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Kate Sharl Foundation helps send Cree boy with autism to camp

With the help of the Kate Sharl Foundation, a charity that offers financial assistance for Cree children living with special needs in Eeyou Istchee, seven-year-old Brent Hester got the chance to attend the AOK Summer Camp near Toronto.

7-year-old Brent Hester of Waskaganish, Que., connects with other kids at AOK summer day camp

Brent Hester, 7, went to a summer day camp for children with autism with help from the Kate Sharl Foundation. His mother says he would wake up early excited to go play with new friends, learned to sing and became more open to conversation. (submitted by Candice Diamond )

For seven year-old Brent Hester of Waskaganish, Que., summer 2015 has the makings of the best one yet, because he got to spend time and play with other children who are much like himself — active, energetic and living with autism. 

With the help of the Kate Sharl Foundation, a charity that offers financial assistance for Cree children living with special needs in Eeyou Istchee, Brent got the chance to attend AOK Summer Camp, run by Autism Ontario near Toronto.  

His mom Candice Diamond says Brent made friends with the group of children he was with at the day camp, learned how to sing and become more open to conversation.

Fundraising efforts, like this recent one in Waswanipi, Que., raise money for the Kate Sharl Foundation, a charity offering help for Cree children living with special needs.

"Brent was always shy here in Waskaganish," she said.  

"But after some time at the camp, we noticed that he started introducing himself to people. At a restaurant, he'd be saying to people 'Hi, I'm Brent.'"

Diamond says she started to notice changes in Brent's behaviour.

"He wanted to leave us as soon as we'd arrive at the camp, and in the mornings he'd be up early, knowing that he'd be going to camp."  

Before arriving at the camp, the family wondered about the wisdom of what they were doing.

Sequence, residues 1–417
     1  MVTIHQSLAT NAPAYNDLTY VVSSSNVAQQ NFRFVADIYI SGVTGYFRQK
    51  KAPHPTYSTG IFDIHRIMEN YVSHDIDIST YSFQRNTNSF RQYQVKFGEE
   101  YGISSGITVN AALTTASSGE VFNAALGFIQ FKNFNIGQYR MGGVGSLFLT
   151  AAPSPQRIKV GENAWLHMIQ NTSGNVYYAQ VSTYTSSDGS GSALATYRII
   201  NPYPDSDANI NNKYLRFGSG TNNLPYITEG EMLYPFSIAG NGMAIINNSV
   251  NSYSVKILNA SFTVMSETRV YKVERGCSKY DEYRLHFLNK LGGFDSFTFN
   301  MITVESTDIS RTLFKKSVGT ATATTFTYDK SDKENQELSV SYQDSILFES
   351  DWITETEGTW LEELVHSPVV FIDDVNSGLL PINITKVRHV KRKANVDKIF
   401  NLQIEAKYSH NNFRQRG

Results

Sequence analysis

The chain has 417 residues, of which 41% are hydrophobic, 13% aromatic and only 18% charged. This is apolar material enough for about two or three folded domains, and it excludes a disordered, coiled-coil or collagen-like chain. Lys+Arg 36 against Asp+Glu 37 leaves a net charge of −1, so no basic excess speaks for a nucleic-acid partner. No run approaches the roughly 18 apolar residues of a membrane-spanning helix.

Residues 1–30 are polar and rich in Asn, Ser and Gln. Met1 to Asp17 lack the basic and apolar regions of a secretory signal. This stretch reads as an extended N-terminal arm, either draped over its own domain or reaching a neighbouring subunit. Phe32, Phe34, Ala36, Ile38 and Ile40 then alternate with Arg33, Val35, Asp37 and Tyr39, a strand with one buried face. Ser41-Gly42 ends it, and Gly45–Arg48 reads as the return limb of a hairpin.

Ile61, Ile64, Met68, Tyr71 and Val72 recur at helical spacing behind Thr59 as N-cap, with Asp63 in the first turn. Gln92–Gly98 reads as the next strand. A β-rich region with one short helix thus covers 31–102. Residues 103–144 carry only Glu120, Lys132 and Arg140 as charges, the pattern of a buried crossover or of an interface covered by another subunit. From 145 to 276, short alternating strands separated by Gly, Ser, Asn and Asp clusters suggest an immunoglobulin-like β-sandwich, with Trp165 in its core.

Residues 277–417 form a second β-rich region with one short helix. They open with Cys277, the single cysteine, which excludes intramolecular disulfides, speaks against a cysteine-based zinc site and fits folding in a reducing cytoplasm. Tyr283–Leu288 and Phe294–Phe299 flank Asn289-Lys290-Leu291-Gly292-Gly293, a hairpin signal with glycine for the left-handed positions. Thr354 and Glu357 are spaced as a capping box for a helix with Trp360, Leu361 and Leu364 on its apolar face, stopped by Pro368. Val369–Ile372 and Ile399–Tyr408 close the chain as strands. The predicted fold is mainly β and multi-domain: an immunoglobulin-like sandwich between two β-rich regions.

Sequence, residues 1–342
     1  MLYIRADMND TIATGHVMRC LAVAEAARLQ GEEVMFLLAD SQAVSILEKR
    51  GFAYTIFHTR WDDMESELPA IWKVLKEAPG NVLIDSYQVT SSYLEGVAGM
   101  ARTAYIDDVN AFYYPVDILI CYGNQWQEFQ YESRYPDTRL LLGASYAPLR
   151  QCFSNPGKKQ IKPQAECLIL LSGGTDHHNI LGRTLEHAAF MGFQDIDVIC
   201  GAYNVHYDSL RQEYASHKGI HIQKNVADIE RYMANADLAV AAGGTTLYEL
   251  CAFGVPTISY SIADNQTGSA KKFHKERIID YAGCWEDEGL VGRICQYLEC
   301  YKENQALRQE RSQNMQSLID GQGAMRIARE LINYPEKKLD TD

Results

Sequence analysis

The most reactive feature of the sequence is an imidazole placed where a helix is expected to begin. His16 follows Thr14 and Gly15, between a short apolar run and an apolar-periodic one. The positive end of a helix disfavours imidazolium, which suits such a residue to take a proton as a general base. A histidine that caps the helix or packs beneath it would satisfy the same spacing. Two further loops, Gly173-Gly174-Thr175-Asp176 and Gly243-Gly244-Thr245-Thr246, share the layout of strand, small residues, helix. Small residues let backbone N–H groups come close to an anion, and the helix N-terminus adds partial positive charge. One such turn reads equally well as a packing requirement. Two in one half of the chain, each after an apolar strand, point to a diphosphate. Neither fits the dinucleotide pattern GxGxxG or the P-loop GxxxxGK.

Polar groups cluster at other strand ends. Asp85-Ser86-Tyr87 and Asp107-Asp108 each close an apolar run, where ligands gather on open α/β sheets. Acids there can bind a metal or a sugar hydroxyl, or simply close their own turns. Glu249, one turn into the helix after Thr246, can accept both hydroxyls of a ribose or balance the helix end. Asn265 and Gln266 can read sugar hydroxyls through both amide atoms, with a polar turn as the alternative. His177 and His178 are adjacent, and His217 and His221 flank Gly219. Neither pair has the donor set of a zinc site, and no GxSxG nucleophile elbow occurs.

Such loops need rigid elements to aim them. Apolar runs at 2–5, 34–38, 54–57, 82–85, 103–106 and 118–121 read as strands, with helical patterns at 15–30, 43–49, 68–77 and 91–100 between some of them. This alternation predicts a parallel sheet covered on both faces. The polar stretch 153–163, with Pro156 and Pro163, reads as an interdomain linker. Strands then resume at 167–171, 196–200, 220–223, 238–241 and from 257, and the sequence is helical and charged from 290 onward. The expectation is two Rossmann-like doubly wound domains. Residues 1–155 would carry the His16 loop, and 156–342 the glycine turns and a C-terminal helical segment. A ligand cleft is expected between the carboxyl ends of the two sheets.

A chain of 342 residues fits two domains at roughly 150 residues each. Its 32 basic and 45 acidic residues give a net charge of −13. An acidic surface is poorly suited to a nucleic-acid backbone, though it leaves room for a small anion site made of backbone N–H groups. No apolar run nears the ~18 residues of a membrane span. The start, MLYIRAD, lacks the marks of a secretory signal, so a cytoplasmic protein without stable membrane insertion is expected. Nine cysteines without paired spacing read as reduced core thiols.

"It was very scary," said Diamond, who says Brent has a habit of running off to explore.

"My mom got so worried, that she was telling me, 'We should disguise ourselves, and watch him from a distance at the restaurant.'" 

Diamond and Floyd Hester, Brent's dad, had to fundraise to cover the cost of travelling to the camp. The family also got help from the Kate Sharl Foundation to cover the tuition.

'He met a girl there, and after a while, they were holding hands,' said Candice Diamond, Brent's mother. 'It was so sweet and touching, and I was feeling that my boy met a true friend in that little girl.'

Kate Sharl was born with special needs in Oujé-Bougoumou. Her parents, Harry Sharl and Anouk Raphael, struggled to pay for some of her basic needs for her condition, where she needed a special van to get her to her treatments.

She died about seven years ago, and after a year passed, the Kate Sharl Foundation was born.

"The memory of Kate Sharl is why the foundation was created," said Judy Nakogee, one of the co-founders of the Foundation.

Nakogee also works for the Cree Nation Government as a special needs advisor and offered support to the family in the year before Kate died.

"Because we know some of our children need to be helped in any way possible, where some need to get special help because they need to learn sign language as they were born deaf, or some need to have their parents learn how others cope or become teachers to their own children, that is why we work hard for this foundation."

Brent's parents are hoping to send him to the AOK camp again next summer. 

"This experience has been a plus for my son," said Diamond.

"One memorable moment that I will say that will stick with me for a very long time is he met a girl there, and after a while, they were holding hands," she said.

"It was so sweet and touching, and I was feeling it that my boy met a true friend in that little girl."

The Color Run, a fundraiser for the Kate Sharl Foundation, will be held Aug. 15 in Montreal. For more information contact Connie at 514-636-8501, or Judy at: 418-770-4545. 

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